I’ve been slowly reading a book called, “The Extraordinary Gift of Being Ordinary.” It’s by psychologist Dr. Ronald D. Siegel, and, as the book’s subtitle notes, it’s all about “finding happiness right where you are.”
Easy enough, right?
Siegel introduces a concept that I think is as visually memorable as it is spiritually useful: the rock star’s dilemma. We all have images in our mind of a stereotypical rock star, right? All the proverbial sex, drugs, and rock and roll. But of course, no one starts out living like that. Rock stars, Siegel reminds us, often start out as regular folks living with modest means. But then – maybe overnight – they soar to a previously unimagined social status.
“Suddenly they become rich, everybody thinks they’re wonderful, and thousands of adoring fans will do anything just to get a little of their attention,” Siegel writes. It’s invigorating – at least, for a little while. Then, they begin to grow accustomed to their new life: “just another gourmet meal, private jet, fancy hotel, adoring crowd,” Siegel writes.
What’s worse, a new life – a new social status – brings with it a new realm of comparisons. “It’s not just that we become accustomed to our new level of success,” Siegel notes. “We develop new standards.”
The goal posts are always being moved just a little further downfield – and we’re the ones both doing the moving and trying to score. Whether you’re a pop icon or just a guy sending out weekly email reflections, there’s always the temptation to judge your success against the apparent success of someone else. And the problem is, there’s always going to be a gap. We can’t be the best at everything all the time forever. On a good day, we might see that as an invitation to grow; on a bad day, we’re tempted to think we’ll never be good enough.
In both scenarios, we refuse to let ourselves simply be, to rest in our present selves and rejoice in who we are in this moment.
Obviously, the “rock star’s dilemma” is not limited to rock stars. This is a phenomenon we all experience each and every day. And often, it stems from a place of goodness. For the rock star, it’s the cultivation of their talent for music – that’s a good thing! But we have to be careful, mindful. Are we in it only to get to the next level, whatever that might be? We work and strive and try and push ourselves only to find that, after clearing one hurdle, there are still a bazillion more.
Well, I better get going, we say to ourselves. Don’t want to fall behind.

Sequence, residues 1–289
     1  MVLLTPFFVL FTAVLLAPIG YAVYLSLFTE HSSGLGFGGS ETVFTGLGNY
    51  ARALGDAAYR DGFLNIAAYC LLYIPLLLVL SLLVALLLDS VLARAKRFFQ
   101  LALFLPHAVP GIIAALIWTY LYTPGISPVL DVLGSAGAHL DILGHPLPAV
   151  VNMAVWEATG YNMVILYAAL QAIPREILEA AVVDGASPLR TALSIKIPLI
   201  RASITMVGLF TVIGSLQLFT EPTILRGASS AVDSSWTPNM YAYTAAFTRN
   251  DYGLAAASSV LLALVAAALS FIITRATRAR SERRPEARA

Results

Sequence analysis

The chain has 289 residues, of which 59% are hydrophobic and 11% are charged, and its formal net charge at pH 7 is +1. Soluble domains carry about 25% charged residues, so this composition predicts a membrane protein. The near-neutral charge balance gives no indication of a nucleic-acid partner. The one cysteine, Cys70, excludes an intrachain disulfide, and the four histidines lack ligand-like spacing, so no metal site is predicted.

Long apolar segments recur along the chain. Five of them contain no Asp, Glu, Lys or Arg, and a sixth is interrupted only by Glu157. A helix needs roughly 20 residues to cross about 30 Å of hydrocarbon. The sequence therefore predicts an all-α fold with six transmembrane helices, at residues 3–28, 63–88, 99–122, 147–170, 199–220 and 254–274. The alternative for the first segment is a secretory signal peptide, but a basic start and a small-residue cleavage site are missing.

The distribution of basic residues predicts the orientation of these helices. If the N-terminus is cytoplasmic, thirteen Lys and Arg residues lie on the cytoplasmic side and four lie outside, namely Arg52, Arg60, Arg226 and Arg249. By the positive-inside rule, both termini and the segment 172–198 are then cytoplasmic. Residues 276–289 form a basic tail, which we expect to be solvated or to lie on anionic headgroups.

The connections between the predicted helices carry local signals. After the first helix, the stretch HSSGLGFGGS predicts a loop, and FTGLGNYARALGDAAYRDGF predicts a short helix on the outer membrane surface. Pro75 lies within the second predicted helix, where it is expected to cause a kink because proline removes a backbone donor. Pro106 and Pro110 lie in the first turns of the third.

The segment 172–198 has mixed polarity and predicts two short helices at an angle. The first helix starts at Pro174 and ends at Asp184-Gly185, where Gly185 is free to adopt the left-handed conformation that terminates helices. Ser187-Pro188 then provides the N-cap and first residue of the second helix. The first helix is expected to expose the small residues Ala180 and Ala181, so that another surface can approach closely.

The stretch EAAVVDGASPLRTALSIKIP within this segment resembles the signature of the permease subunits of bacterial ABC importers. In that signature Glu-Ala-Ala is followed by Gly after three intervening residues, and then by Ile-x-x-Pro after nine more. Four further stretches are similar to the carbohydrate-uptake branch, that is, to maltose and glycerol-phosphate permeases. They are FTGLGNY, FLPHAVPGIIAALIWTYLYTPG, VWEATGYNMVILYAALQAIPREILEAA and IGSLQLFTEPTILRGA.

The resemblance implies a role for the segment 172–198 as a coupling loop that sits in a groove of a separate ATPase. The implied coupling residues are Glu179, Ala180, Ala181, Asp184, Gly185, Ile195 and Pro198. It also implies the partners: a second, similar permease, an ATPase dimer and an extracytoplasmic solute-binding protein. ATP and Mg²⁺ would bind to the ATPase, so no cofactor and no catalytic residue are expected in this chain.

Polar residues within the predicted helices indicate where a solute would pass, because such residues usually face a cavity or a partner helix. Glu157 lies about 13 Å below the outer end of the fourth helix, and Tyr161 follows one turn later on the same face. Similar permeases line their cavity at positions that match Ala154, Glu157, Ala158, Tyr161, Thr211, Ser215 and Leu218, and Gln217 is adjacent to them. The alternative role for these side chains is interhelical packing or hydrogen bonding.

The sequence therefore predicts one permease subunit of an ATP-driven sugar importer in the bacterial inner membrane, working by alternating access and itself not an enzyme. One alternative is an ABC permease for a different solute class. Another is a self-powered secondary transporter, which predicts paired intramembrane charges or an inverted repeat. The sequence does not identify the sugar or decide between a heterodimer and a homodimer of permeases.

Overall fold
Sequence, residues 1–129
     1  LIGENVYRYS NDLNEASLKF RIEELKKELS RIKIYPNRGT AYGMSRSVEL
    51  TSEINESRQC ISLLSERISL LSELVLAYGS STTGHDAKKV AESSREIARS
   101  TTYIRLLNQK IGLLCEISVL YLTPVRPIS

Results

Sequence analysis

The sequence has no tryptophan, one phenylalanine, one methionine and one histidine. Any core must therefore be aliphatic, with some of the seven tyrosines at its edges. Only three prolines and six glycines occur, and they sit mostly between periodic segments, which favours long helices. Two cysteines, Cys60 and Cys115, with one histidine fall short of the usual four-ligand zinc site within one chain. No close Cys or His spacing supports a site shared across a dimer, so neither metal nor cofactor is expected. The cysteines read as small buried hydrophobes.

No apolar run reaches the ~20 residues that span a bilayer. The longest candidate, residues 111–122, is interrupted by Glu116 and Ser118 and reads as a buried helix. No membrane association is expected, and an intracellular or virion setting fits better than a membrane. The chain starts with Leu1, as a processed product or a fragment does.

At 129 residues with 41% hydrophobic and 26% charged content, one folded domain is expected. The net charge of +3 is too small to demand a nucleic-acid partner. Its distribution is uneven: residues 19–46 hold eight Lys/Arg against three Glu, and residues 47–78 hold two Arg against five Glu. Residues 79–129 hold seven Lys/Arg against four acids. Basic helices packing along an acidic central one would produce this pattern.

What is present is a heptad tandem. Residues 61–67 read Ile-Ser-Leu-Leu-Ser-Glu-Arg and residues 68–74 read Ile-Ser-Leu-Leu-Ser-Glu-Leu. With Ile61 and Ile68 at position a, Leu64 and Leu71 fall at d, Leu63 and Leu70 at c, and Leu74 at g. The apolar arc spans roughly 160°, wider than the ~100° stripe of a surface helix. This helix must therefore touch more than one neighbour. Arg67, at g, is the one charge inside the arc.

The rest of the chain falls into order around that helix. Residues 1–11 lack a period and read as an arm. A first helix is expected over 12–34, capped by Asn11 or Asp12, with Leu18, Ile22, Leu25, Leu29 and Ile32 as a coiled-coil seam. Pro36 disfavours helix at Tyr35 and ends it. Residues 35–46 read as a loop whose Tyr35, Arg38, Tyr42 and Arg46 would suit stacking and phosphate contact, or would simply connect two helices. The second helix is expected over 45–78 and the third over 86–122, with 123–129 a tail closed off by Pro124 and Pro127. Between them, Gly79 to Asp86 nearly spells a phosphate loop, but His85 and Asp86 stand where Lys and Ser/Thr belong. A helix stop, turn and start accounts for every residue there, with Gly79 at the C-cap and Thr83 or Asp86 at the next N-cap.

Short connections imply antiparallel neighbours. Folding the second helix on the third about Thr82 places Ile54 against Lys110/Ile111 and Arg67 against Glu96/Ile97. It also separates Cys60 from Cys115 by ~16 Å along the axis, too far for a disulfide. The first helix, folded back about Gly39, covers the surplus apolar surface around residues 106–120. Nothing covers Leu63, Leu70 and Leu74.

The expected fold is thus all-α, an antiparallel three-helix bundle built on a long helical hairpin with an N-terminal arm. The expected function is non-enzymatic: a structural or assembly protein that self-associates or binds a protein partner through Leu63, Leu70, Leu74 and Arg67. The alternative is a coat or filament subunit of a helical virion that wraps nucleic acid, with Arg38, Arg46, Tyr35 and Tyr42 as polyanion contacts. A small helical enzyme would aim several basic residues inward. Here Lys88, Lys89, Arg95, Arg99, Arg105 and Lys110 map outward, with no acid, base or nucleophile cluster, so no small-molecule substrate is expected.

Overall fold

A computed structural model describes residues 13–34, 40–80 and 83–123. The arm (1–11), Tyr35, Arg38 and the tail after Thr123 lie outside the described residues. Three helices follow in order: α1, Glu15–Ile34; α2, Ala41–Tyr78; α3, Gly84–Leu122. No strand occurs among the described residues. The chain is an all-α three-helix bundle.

I wonder if, as we continue our journey in Lent, part of our Lenten fast might be setting aside the desire to advance in and through our individual gifts. Instead, can we go to God in a prayer of gratitude? Can we be mindful of who God has created us to be in this moment, and consider how our unique giftedness – now, without comparison – is in itself a reflection of our God who delights in all that we are?
What strikes me as most dangerous in the rock star’s dilemma is the temptation to grow accustomed to the good things we enjoy in life. We get tired, bored; we begin looking elsewhere for something that might inspire or distract. We don’t have to be flying on a private jet to relate to this temptation.
The antidote, I think, is developing a disposition of curiosity in this very moment. How is God present here, now, in the seemingly mundane? How is God inviting me to something more here, now, even in the routine of my daily life?
Curiosity and gratitude. Let’s be curious about who we are becoming in this moment and what the present moment – ordinary as it might feel – might be inviting us into. Let’s give thanks for whatever that is, trusting in our generous God of surprises.
Because God doesn’t set new standards. God delights in who we are in this moment while also gently drawing us deeper into God’s dream for who we will become. No comparisons, just delight. And in that delight, we can find rest.
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Eric A. Clayton is the award-winning author of Cannonball Moments: Telling Your Story, Deepening Your Faith (Loyola Press) and the deputy director of communications at the Jesuit Conference of Canada and the United States. His essays on spirituality, parenting and pop culture have appeared in America Magazine, National Catholic Reporter, U.S. Catholic, Busted Halo and more, and he is a regular contributor to Give Us This Day, IgnatianSpirituality.com and Dork Side of the Force, where he blogs about Star Wars. His fiction has been published by Black Hare Press, the World of Myth Magazine and more. He lives in Baltimore, MD with his wife, two young daughters and their cat, Sebastian.